There is advice from public health experts and doctors that could add detail to your ideas for precautions related to shoes, e.g ("“I recommend having a dedicated pair of shoes to go out in and then a clean pair to change into before entering the house,” [emergency physician Cwanza] Pinckney told HuffPost [...] [public health specialist Carol] Winner advised taking off your shoes before you enter the house any time you’ve gone outside to work or to a public place.") and CDC: Your shoes could carry COVID-19 (WTSP / MSN) ("It's better to err on the side of caution at this time, especially with everything going on," said [Dr. Paul Nanda, Chief Medical Officer at Tampa General Hospital's Fast Track Urgent Care].)

There is also this recent article in the Atlantic that includes information from public health experts about What a Negative COVID-19 Test Really Means, which seems to reaffirm your determination to take reasonable precautions, including the 14-day quarantine, e.g. ("the FDA cautions that negative results do not rule out infection.")

I also suggest carrying a pack of tissues, and a small plastic bag for throwing out used wipes, gloves, tissues, etc. And +1 on opening the windows in the car if possible, e.g. "Experts say that opening windows can help flush out virus particles and keep the air more free-flowing." (HuffPost)
posted by katra at 12:21 PM on June 21 [5 favorites]


Windows open at least some of the way.

Windows partway open and a mask, that's 90% of it. The rest would be some sanitizer at the ready, and some tissues in case something comes up you need to touch. Have your own pen just in case you need to jot something down. You may need to scratch your face, and a pen will be useful for that too.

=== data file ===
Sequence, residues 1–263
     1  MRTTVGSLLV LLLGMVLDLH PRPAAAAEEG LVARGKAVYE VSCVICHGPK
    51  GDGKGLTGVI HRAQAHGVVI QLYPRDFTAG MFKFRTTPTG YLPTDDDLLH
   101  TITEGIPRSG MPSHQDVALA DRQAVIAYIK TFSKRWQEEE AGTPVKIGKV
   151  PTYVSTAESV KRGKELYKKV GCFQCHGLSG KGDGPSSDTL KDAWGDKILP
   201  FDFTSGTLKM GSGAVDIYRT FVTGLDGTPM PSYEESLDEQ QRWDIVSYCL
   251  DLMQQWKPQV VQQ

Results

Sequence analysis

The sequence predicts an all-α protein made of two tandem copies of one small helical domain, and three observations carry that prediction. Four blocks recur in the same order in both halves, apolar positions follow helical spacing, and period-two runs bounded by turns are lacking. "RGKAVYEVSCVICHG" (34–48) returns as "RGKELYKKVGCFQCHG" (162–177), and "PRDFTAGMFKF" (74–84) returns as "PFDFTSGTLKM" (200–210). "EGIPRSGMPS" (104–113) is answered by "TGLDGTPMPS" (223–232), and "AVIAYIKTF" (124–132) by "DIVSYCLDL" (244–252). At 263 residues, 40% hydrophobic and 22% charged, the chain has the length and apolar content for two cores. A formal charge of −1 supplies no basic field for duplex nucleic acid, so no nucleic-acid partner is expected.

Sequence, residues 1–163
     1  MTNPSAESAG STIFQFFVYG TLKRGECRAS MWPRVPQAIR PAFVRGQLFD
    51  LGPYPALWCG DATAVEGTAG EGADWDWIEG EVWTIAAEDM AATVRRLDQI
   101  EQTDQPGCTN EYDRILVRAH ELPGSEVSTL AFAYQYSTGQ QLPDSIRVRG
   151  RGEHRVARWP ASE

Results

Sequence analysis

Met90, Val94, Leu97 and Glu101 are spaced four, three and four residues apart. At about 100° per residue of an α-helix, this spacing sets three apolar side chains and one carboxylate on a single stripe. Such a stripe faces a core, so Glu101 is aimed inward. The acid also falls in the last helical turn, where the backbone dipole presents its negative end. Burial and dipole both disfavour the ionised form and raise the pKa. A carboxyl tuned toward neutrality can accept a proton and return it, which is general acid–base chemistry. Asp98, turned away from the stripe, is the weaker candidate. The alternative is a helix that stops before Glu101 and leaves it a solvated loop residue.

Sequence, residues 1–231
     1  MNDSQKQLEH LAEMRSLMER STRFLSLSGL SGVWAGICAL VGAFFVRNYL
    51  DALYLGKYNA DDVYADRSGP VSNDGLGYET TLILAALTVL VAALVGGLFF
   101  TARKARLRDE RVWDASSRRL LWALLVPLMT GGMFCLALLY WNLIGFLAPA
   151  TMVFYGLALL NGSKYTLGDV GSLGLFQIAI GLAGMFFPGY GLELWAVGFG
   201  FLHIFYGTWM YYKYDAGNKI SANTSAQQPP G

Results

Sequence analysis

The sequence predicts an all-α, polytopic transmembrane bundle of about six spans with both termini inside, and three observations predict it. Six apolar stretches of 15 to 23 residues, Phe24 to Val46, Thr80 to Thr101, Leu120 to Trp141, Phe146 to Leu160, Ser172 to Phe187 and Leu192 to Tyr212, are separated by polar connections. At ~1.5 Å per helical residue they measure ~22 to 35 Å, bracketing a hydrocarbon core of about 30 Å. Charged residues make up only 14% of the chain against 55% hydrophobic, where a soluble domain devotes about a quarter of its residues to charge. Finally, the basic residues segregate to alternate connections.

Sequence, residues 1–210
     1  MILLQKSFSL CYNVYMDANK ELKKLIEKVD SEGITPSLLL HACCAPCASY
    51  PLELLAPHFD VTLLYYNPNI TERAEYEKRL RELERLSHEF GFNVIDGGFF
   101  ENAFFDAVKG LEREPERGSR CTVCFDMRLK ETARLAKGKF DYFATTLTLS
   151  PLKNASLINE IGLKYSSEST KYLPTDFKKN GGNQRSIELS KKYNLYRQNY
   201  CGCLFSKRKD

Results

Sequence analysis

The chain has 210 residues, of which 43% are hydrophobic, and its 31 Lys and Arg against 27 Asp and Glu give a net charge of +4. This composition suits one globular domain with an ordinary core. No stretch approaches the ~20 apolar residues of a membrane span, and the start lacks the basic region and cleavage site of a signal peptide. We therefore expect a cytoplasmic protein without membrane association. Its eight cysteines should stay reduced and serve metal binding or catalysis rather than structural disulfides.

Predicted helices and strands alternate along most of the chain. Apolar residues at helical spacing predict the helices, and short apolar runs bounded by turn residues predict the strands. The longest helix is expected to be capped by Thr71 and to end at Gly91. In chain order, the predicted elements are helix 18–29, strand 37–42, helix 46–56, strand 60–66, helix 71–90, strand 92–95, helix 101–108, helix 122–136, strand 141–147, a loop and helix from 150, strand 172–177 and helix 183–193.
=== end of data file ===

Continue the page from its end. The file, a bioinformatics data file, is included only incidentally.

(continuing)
Your hair, your pants... that stuff does not matter at all. Focus where it matters: not breathing other people's exhalations (i.e. keep things ventilated to the outside.) If you have to go somewhere inside to pee, wear a mask. You got this.
posted by fingersandtoes at 8:49 PM on June 21 [1 favorite]


This internet stranger was worried about you, anon, and is glad that you will be going home soon.

Regarding the bathroom concern, perhaps you would feel more comfortable if you wore maxi pads, period panty, or depends? If you do need to “go” in the side of the road, perhaps it would be easier to wear a maxi skirt or bring a towel / scarf / sarong for privacy?

You might want to do a test run of wearing your mask / goggles / shield / headphones Inside your apartment so you can get the fit sorted out beforehand. In addition, you might want to consider making substitutions to to your initial setup if something isn’t working. (For instance, sunglasses may offer less protection than goggles... but if they mean that you will be tempted to touch your face less... perhaps that is a worthy trade off.

It’s possible that you might find the outside world “jarring” after staying inside an apartment for several months. Therefore, it might be nice to have earplugs / headphones, scarf /sheet (To cover your head/ face) as an option.

Finally, just wanted to double check that you have a way to tip the driver.
posted by oceano at 12:49 AM on June 22 [3 favorites]


[This is a followup from the asker.]
Hi! I thought I should update everyone here. I'm fine! Unfortunately my covid test got lost in the UPS, but my driver tested negative twice and I've been symptom free for over fourteen days while taking all precautions (I haven't seen anyone in that time) so, I'm good. I wasn't even able to wear goggles and my gloves sweated right off and I'm STILL good! For the most stressful thing I've ever done, it was absolutely fine!!!!! My sublet is extremely nice, I'm SO much more comfortable, and leaving was the best thing I ever did. It also was not scary in the moment, whether that was because of the extra meds or having burned out my stress by just wanting it to be over with, who knows, but I was eerily calm the entire way. The 14 days were worse than the trip itself but that was also.....just anxiety. If anyone can and is thinking about doing something like this, and god knows I hope nobody is stuck in that situation, you should go for it. I am so, so glad I did. Thank you!
posted by cortex (staff) at 8:13 PM on July 14 [4 favorites]